This forward–thinking book details successful trials and investigates areas of research that have not yet reached the trial phase.
The elite panel of authors have explored fresh information on:
advances in antiarrhythmic pharmacologis therapy
advances in monitoring, risk assessment, and noninvasive mapping
advances in pacing therapy
advances in implantable defibrillators
advances in catheter and surgical ablation
advances in antiarrhythmic biological therapy
vision for the future of arrhythmia technologies
web–based defibrillation monitoring.
New Arrhythmia Technologies presents a unique view of the latest in arrhythmia innovations through the eyes of the experts in the field.
Section I Advances in Antiarrhythmic Pharmacologic Therapy.
Chapter 1 New Antiarrhythmic Pharmacologic Therapies and Regulatory Issues in Antiarrhythmic Drug Development.
Chapter 2 New Frontiers in Antithrombotic Therapy for Atrial Fibrillation.
Section II Future of Antiarrhythmic Therapy.
Chapter 3 Principles of Pharmacogenomics: Focus on Arrhythmias.
Chapter 4The Cardiac Sodium Channel Carboxy Terminus: Predicted and Detected Structure Provide a Novel Target for Antiarrhythmic Drug Development.
Chapter 5Embryonic stem cell–derived cardiomyocytes as a model for arrhythmia.
Chapter 6Gene and Cell Therapy for Sinus and AV Nodal Dysfunction.
Chapter 7Gene Therapy for Cardiac Tachyarrhythmias.
Section III Monitoring, Noninvasive Mapping, Risk Assessment, and External Defibrillation.
Chapter 8 New Developments in Noninvasive Rhythm Monitoring, Implantable Hemodynamic, Monitoring, Functional Status Monitoring ,and Non–Invasive Mapping.
Chapter 9Techniques of Prediction of Arrhythmia Occurrence and Stratification for Sudden Cardiac Death.
Chapter 10 Beta–blocker Efficacy in Long QT Syndrome Patients with Mutations in the Pore and Nonpore Regions of the hERG Potassium–channel Gene.
Chapter 11 New Developments in Out–of–Hospital Cardiac Defibrillation.
Section IV Advances in Pacing.
Chapter 12 Sensor and Sensor Algorithms.
Chapter 13New Electrode and Lead Designs for Pacemakers.
Chapter 14Current Concepts in Intravascular Pacemaker and Defibrillator Lead Extraction.
Chapter 15Left Ventricular Epicardial Lead Implantation: Anatomy, Techniques, and Tools.
Chapter 16New Resynchronization Lead Systems and Devices.
Chapter 17New Indications for Pacing.
Section V Advances in Implantable Defibrillators.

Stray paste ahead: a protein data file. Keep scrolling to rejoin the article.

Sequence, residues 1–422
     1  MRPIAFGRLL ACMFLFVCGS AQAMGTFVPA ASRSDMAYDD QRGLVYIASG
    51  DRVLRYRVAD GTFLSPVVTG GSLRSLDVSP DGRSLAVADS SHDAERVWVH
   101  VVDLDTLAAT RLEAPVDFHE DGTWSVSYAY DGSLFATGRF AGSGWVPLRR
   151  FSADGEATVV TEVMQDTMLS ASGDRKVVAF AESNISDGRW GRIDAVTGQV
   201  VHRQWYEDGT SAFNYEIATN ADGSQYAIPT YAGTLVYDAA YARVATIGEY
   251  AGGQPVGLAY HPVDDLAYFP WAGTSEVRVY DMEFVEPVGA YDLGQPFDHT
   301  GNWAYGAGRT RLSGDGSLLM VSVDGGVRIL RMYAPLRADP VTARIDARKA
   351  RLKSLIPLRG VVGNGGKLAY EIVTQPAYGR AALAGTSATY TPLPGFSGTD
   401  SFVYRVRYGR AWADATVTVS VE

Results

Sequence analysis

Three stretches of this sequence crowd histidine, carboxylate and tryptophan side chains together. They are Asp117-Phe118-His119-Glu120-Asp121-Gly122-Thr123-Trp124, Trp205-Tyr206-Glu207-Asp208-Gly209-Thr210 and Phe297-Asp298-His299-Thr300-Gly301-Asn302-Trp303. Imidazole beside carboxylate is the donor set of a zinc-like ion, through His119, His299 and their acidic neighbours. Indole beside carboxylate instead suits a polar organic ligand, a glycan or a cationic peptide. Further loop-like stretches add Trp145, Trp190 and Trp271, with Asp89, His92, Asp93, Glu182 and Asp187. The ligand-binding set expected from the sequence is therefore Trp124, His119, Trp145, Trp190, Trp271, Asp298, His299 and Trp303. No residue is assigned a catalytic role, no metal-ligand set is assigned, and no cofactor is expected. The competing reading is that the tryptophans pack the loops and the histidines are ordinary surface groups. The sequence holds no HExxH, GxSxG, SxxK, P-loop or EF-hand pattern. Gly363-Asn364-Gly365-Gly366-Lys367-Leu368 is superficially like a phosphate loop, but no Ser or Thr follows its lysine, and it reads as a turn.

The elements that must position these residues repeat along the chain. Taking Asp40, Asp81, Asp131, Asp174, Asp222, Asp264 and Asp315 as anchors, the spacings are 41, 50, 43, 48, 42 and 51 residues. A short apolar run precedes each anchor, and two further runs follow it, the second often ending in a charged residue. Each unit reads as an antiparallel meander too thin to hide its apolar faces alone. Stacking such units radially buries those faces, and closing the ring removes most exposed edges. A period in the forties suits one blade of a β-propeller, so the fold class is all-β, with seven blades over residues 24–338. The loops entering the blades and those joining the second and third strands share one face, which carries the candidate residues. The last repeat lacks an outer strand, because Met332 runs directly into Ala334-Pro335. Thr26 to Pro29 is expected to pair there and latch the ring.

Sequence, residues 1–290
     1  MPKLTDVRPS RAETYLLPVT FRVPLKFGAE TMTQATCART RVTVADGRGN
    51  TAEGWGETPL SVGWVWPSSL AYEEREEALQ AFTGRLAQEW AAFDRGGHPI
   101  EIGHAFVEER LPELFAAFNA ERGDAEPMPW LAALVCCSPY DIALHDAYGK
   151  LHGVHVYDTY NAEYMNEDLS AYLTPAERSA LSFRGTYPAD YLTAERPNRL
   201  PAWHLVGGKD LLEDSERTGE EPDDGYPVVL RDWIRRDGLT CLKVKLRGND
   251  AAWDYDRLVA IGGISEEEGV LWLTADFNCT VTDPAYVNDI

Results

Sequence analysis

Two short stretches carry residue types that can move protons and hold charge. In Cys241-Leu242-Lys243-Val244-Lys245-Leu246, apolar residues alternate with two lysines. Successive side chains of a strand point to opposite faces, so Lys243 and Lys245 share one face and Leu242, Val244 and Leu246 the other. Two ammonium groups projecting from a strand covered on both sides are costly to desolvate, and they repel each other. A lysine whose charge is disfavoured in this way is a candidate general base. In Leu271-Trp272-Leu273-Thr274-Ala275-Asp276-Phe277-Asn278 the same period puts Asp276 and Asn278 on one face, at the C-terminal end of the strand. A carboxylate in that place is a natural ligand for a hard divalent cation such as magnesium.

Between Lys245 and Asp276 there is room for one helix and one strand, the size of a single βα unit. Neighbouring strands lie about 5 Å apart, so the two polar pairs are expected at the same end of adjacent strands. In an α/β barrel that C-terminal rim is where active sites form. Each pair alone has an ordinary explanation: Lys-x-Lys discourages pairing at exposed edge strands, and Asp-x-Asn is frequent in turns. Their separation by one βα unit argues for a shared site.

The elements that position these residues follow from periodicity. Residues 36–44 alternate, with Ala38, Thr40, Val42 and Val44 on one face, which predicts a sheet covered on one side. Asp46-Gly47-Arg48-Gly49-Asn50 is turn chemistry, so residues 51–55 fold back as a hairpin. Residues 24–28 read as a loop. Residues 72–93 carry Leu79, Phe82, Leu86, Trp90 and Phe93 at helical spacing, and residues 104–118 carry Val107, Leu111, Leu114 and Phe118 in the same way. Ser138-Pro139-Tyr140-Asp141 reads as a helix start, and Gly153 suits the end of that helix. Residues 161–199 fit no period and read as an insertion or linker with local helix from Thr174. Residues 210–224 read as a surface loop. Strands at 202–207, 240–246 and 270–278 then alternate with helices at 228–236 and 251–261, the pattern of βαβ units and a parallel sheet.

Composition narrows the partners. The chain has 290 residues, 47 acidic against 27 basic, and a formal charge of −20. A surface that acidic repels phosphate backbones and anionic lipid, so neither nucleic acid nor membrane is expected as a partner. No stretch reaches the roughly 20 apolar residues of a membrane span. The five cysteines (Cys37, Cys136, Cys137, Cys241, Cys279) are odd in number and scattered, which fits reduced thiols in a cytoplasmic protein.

Chapter 18New Sensing and Discrimination Algorithms.
Chapter 19Arrhythmia Prevention and Termination Algorithms.
Chapter 20New Lead Designs and Lead–Less Systems.
Chapter 21Optimization of Defibrillation Function.
Chapter 22Remote Web–Based Device Monitoring.
Chapter 23New ICD Indications.
Section VI Advances in Catheter and Surgical Ablation.
Chapter 24Advances in Surgical Ablation Devices for Atrial Fibrillation.
Chapter 25Epicardial Access.
Chapter 26Advances in Catheter Control Devices.
Chapter 27Advances in Energy Sources in Catheter Ablation.
Chapter 28New Ablation Paradigms: Anatomic Ablation of Complex Arrhythmia Substrates.
Dr Paul J Wang is the Director of the Stanford Cardiac Arrhythmia Service and Cardiac Electrophysiology Laboratory. He received his undergraduate degree at Harvard University and his medical degree at Columbia University in New York City. He received his medical residency at Columbia–Presbyterian Medical Center in New York City and completed his cardiovascular training at Brigham and Women′s Hospital.
Dr Wang has co–authored textbooks on implantable defibrillators, sudden cardiac death, and cardiac resynchronization/biventricular pacing therapy and has invented a number of new arrhythmia technologies.
He articipates on numerous national boards and panels in cardiac electrophysiology. He is currently Vice–Chair of the Education Committee of the Heart Rhythm Society. He is co–director of an Advanced Course in Pacemakers, Implantable Defibrillators, and Resynchronization Therapy sponsored by the Heart Rhythm Society. He also serves as a member of the Cardiac Electrophysiology Board Certification Exam Writing Committee of the American Board of Internal Medicine.